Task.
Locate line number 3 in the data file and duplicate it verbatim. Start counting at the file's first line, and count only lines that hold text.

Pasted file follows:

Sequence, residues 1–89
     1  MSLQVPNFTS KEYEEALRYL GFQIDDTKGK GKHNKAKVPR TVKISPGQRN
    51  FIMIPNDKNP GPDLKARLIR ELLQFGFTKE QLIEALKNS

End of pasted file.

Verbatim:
    51  FIMIPNDKNP GPDLKARLIR ELLQFGFTKE QLIEALKNS